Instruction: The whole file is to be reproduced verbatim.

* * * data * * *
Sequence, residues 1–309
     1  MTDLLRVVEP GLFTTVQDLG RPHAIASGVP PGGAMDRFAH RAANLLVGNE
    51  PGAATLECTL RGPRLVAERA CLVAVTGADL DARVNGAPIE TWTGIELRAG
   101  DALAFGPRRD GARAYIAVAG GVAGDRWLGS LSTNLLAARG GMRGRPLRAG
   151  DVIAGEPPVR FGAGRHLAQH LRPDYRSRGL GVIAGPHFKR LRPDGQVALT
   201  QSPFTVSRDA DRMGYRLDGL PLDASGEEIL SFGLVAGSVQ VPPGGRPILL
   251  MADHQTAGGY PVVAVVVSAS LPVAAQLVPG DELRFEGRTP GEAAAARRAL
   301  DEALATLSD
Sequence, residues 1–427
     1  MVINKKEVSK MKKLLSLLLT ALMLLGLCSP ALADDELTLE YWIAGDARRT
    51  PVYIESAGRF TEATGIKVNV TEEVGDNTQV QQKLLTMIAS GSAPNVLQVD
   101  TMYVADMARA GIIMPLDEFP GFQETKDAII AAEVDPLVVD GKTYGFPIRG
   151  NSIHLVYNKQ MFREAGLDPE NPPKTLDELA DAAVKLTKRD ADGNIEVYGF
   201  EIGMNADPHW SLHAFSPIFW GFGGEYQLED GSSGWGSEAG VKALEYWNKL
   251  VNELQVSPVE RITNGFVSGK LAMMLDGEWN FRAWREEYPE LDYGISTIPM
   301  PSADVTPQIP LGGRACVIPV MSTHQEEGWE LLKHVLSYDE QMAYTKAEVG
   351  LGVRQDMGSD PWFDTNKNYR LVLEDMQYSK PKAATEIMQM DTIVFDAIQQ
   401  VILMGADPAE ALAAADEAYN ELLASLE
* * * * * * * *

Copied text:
Sequence, residues 1–309
     1  MTDLLRVVEP GLFTTVQDLG RPHAIASGVP PGGAMDRFAH RAANLLVGNE
    51  PGAATLECTL RGPRLVAERA CLVAVTGADL DARVNGAPIE TWTGIELRAG
   101  DALAFGPRRD GARAYIAVAG GVAGDRWLGS LSTNLLAARG GMRGRPLRAG
   151  DVIAGEPPVR FGAGRHLAQH LRPDYRSRGL GVIAGPHFKR LRPDGQVALT
   201  QSPFTVSRDA DRMGYRLDGL PLDASGEEIL SFGLVAGSVQ VPPGGRPILL
   251  MADHQTAGGY PVVAVVVSAS LPVAAQLVPG DELRFEGRTP GEAAAARRAL
   301  DEALATLSD
Sequence, residues 1–427
     1  MVINKKEVSK MKKLLSLLLT ALMLLGLCSP ALADDELTLE YWIAGDARRT
    51  PVYIESAGRF TEATGIKVNV TEEVGDNTQV QQKLLTMIAS GSAPNVLQVD
   101  TMYVADMARA GIIMPLDEFP GFQETKDAII AAEVDPLVVD GKTYGFPIRG
   151  NSIHLVYNKQ MFREAGLDPE NPPKTLDELA DAAVKLTKRD ADGNIEVYGF
   201  EIGMNADPHW SLHAFSPIFW GFGGEYQLED GSSGWGSEAG VKALEYWNKL
   251  VNELQVSPVE RITNGFVSGK LAMMLDGEWN FRAWREEYPE LDYGISTIPM
   301  PSADVTPQIP LGGRACVIPV MSTHQEEGWE LLKHVLSYDE QMAYTKAEVG
   351  LGVRQDMGSD PWFDTNKNYR LVLEDMQYSK PKAATEIMQM DTIVFDAIQQ
   401  VILMGADPAE ALAAADEAYN ELLASLE